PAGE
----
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Wednesday, November 13, 2013

Janesville Wanting Higher Wages Could Lead To Trouble With Low-Wage Establishment

This could have been a story right out of the 'ol Onion.

The City of Janesville will be offering a pro-rated tax credit per employee to businesses that pay a "living wage" as a formal carrot in TIF District agreements for new job creation. The credits however will be provided only when the TIF District is financially able to support the incentive and will last two years. In other words, the TIF District fund must have surplus cash in order to pay out the credit.

JVL City Policy Excerpt:
Currently, the Living Wage Index for 2 adults and 2 children is an annual salary of $38,700. This annual salary equals roughly $18.50 an hour. Therefore, if a company provides an hourly wage of $18.50 an hour, they would receive a Job Creation Incentive of $3,870 per job at that wage (or 10% of the LWE annual salary). If a company pays less than $18.50 an hour, their LWE would be lower, and thus receive less of an overall incentive; and vice versa if they wages were higher than $18.50.

Who would be against that? Right?

But here's the thing. For more than a decade and particularly when the GM Plant was up and running, the Janesville Gazette repeatedly posted anonymous rants in their newspaper clawing down the wages and benefits of the unionized local workers. Remember first that these workers, often referred to as union "thugs," were private law-abiding citizens, paying taxes, raising families and contributing both sweat equity and money to the community.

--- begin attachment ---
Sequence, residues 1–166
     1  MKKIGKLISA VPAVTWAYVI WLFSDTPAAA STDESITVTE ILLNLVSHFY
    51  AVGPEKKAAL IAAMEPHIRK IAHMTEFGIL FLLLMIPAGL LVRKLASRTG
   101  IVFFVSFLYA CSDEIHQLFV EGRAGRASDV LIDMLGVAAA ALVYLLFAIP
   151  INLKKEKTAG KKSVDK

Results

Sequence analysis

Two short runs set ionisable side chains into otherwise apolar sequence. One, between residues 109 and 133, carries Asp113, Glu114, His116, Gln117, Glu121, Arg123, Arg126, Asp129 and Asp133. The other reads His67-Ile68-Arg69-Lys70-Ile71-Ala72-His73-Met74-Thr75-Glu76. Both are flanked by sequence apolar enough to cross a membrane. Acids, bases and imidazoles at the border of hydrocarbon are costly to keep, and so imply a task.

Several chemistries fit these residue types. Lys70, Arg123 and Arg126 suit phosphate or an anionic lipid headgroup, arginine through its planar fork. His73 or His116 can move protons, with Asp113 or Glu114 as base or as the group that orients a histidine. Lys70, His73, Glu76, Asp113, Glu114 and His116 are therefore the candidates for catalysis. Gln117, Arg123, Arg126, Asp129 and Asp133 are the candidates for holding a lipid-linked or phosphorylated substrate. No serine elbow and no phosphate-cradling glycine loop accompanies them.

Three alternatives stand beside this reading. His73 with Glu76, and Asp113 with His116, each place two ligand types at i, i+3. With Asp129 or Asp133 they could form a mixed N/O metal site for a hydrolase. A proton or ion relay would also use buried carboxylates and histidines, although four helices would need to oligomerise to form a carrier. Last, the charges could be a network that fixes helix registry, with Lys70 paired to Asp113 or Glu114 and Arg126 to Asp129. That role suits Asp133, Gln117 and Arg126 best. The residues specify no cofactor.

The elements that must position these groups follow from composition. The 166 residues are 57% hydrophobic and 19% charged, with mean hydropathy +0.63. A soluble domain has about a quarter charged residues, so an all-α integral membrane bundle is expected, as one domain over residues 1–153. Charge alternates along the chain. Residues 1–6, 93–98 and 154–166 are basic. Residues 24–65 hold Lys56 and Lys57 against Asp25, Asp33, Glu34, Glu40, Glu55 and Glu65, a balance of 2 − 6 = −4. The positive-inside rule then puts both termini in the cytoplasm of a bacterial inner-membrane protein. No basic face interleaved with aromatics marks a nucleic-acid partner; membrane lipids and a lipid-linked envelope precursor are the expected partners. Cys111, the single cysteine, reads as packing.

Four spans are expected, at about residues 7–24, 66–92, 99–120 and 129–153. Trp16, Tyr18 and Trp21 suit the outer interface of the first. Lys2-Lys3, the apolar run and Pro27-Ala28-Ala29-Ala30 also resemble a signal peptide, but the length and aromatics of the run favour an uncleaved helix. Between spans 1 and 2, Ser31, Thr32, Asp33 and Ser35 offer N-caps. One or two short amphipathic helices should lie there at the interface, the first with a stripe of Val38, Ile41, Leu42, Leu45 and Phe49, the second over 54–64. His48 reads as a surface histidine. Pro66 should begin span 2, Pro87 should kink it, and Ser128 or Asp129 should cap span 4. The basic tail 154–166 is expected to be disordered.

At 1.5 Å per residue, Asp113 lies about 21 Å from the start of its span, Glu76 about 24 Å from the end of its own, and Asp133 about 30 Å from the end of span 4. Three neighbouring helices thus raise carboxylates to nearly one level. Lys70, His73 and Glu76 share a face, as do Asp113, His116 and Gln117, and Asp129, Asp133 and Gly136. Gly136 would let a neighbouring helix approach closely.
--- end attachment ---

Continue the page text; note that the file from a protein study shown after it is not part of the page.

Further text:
But for years, these vicious posters said workers with merely a high school diploma, a GED or less had no business earning $25+/hr wages plus benefits. The newspaper not only fueled and distributed this hateful mentality, but also participated in the constant barrage of wage envy attacks by way of their editorials. These were not opinions. They were a campaign.

In some of their editorials regarding the GM Plant in the final year of 2008, the newspaper said the high wages helped create a culture of entitlement and stagnancy and at one point referred to the local union as the "catalyst" for the bitterness and hard feelings that separated the people. Imagine that. They blamed the victim for the hate and animosity. To this day I'll never understand why some people have to harm somebody else by clawing them down or advance themselves only by way of other's losses, all because of their own shortcomings.

Members of the local business cartels of Forward Janesville and the notorious Rock County 5.0 also showed their hand when they were recorded cackling over the thought that the loss of middle-class paying unionized GM factory jobs will compel the remaining local workforce to accept lower pay. They suggested this "new normal" will work in the "plus column" for the business organization's purposes.

Sure, $18.50 an hour in 2014 is not the same as a $25 an hour union job w/bennies in 2008, but I still have to wonder from where and by whom did the Janesville city administration get the idea that they want to incentivize and encourage higher paying jobs in this disturbing wage envy atmosphere?

Of course since it is a government lobbied concept, and not the private sector, that will be subsidizing the employer, not the employee, for the higher wage standard while targeting specific businesses in surplus TIF Districts - I think I've answered my own question.

It's a special club.


RNR (June - 2008) The Animosity Behind Poor Wages

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